Procycling

Colbrelli succeeds at trench warfare

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It seems easy, too easy, to suggest that the front of a bike race is the best place to be. Quite often, it is not. Breaks are typically reeled in during stage races; energy is saved by being in the peloton; the winner emerges at the last minute, or at least in the final phase of the race. Yet at a race like Paris-Roubaix, all of this logic is removed.

This was the first time the race had been held since April 2019, and a whole pandemic has happened since then. It was astonishin­g to remember just how hard ParisRouba­ix is, even without the extreme weather thrown in.

The perfect plan might just be as simple as riding as hard as you can for the whole race, especially when the cobbled sectors start. There is a whole mythology around how to ride Roubaix, but in the Sommelike mud of northern France in this edition, simply keeping riding and being as close to the front of the race as possible seemed like the only tactics worth following.

For a long time, it seemed that Gianni Moscon had got this exactly right. The Ineos Grenadiers rider was part of the day’s break, which formed with 215km to go, and was then away solo on his own from 53km, until he was caught just 16km from the finish. He eventually finished fourth, his best result at Paris-Roubaix.

The Italian was undone by two bits of misfortune that could have befallen any rider: first, he

Previous attempts at Roubaix by the top three riders

punctured on sector seven, Cysoing à Bourghelle­s, changed his bike, and then crashed a few kilometres later, seemingly because of the slightly different state of his second bike. Moscon can be forgiven for his lapse of concentrat­ion 230km into a 258km race, but his move was almost the winning one, and proved that attack is sometimes the best form of, well, attack.

One of the trio that caught the Italian, Florian Vermeersch, was also a survivor from the early break; the 22-year old went on to finish second, his best result at any senior race, let alone his best race at a monument or a WorldTour event. Vermeersch, a history student at Gent University, will understand how significan­t a result this was. His winning move companions, Mathieu van der Poel and the eventual victor Sonny Colbrelli, were both also riding their first editions of the Hell of the North.

There was very little to be gained from being a grizzled old veteran of the race, such as Heinrich Haussler, riding Roubaix for the 14th time. Instead, caked in mud, fortitude and bravado were the only options. This is what Mathieu van der Poel is good at; it is what won him stage 5 of TirrenoAdr­iatico earlier this year, when he attacked from 52km out and held on to win. He later explained that he attacked because he was cold.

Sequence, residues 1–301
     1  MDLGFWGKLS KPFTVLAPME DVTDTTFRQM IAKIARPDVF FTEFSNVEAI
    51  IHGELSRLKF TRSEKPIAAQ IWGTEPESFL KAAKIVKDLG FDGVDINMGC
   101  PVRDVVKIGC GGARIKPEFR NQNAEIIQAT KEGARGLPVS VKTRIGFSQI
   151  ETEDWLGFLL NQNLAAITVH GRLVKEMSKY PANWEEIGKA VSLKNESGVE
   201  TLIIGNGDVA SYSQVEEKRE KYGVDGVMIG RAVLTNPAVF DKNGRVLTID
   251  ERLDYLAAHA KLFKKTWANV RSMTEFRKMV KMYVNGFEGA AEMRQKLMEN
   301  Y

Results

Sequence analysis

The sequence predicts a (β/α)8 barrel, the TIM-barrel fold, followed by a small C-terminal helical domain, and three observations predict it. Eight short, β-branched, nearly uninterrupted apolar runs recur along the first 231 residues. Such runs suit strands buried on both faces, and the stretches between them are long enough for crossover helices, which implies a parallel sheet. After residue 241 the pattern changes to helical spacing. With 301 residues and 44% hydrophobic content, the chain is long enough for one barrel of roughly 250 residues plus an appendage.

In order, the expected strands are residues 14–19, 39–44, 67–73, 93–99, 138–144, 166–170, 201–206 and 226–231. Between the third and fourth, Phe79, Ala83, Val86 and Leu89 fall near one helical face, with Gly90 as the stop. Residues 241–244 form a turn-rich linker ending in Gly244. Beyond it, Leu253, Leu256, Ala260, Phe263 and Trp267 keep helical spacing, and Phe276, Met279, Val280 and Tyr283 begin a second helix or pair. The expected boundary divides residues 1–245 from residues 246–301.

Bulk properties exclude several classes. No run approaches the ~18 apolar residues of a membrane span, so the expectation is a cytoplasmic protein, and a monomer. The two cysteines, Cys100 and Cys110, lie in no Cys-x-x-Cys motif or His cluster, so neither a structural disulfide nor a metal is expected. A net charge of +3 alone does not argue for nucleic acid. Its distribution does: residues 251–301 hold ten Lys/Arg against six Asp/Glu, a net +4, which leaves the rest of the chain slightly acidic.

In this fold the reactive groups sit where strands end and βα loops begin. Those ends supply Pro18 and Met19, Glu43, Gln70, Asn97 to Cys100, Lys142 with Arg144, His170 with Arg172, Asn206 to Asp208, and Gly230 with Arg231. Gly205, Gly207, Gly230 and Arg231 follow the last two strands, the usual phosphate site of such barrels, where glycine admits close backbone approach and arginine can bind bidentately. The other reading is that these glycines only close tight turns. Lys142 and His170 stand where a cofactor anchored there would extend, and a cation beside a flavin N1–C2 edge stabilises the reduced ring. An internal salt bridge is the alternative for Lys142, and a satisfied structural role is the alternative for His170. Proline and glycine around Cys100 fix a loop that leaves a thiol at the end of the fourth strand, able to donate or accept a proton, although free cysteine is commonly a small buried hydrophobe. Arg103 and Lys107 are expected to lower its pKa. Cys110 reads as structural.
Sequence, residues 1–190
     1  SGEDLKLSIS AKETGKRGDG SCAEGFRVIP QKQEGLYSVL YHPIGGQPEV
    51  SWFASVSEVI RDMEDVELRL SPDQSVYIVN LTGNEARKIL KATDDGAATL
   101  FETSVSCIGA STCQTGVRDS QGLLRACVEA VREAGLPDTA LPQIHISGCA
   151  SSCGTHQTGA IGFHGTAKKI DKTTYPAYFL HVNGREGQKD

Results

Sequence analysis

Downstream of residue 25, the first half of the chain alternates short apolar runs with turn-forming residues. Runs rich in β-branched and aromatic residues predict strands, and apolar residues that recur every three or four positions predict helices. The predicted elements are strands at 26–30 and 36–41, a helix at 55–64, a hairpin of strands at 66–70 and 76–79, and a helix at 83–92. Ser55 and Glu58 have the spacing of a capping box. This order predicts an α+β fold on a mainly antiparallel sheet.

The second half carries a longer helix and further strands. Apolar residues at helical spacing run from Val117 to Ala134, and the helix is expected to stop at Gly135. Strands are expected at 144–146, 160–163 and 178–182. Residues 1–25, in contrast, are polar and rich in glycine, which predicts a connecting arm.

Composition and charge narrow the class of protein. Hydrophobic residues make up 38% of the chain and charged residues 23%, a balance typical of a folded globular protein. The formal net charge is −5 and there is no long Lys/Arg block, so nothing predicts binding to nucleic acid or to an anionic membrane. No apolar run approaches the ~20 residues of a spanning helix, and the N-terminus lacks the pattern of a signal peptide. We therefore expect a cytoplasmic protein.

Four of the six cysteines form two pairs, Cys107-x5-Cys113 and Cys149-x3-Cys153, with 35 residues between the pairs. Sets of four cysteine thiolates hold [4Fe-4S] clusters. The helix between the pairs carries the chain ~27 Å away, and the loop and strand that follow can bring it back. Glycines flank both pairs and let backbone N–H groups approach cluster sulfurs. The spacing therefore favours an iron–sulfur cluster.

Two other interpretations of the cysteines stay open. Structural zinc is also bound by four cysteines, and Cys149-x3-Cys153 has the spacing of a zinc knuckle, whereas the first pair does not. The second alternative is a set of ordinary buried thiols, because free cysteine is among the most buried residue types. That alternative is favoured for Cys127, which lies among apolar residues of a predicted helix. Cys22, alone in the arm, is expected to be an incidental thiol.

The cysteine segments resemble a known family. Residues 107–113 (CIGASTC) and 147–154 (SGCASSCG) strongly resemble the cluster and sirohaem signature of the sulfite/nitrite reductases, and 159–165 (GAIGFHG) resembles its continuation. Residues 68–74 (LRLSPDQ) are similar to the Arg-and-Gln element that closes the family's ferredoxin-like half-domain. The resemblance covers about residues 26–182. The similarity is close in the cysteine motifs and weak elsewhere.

However, when Van der Poel made his race-shredding attack, he took Colbrelli and Vermeersch with him, and was outdone by the Italian in the sprint. This was similar to the Tour of Flanders earlier this year, when Van der Poel attacked, took Kasper Asgreen with him and then lost in the sprint. The Dutchman lives by the sword, but must die by it too.

Sonny Colbrelli benefitted from Van der Poel’s attack, but had to be in the right place at the right time, which he was, then hang on, which he did, and then have the fastest sprint in the famous velodrome at the end.

The Bahrain Victorious rider has been in and around the upper echelons of one-day riders for a few years now, finishing 36 times in the top 10 of elite one-day races since 2014, but has only managed five top-five results in WorldTour oneday races in that time. His promise has never been in doubt, but it has taken until this year for the Italian to show it at the top of the sport. He has won seven races, including the European Championsh­ip road race, on the way to his first monument victory.

That cobbleston­e was certainly earned on a wet and wild day in northern France, which was described by Roger Hammond, one of his sports directors, as the “chance of a lifetime”. Colbrelli certainly took that chance.

In this edition, simply keeping riding and being as close to the front of the race as possible seemed like the only tactics worth following

 ?? ?? Van der Poel makes good his escape, but is tracked by eventual winner Sonny Colbrelli
Van der Poel makes good his escape, but is tracked by eventual winner Sonny Colbrelli
 ?? ?? Vermeersch was an inexperien­ced underdog, but took second place
Vermeersch was an inexperien­ced underdog, but took second place
 ?? ?? ADAM BECKET
S TAF F W R I T ER
Now Mathieu van der Poel has been undone twice in the sprint for a monument, Adam is wondering if he will try to do something different next year.
ADAM BECKET S TAF F W R I T ER Now Mathieu van der Poel has been undone twice in the sprint for a monument, Adam is wondering if he will try to do something different next year.
 ?? ?? PATRICK FLETCHER
F EATUR ES E D ITOR CYCL I N GNEWS. COM
Patrick thinks that there’s a fine line between positive and negative pressure, after seeing both the Dutch women’s and Belgian men’s teams fold at the Worlds road races
PATRICK FLETCHER F EATUR ES E D ITOR CYCL I N GNEWS. COM Patrick thinks that there’s a fine line between positive and negative pressure, after seeing both the Dutch women’s and Belgian men’s teams fold at the Worlds road races
 ?? ?? EDWARD PICKERING E D I TOR
Ed spent the last half hour of Il Lombardia trying to imagine a single scenario where Fausto Masnada beat Pog, but couldn’t come up with a single one.
EDWARD PICKERING E D I TOR Ed spent the last half hour of Il Lombardia trying to imagine a single scenario where Fausto Masnada beat Pog, but couldn’t come up with a single one.

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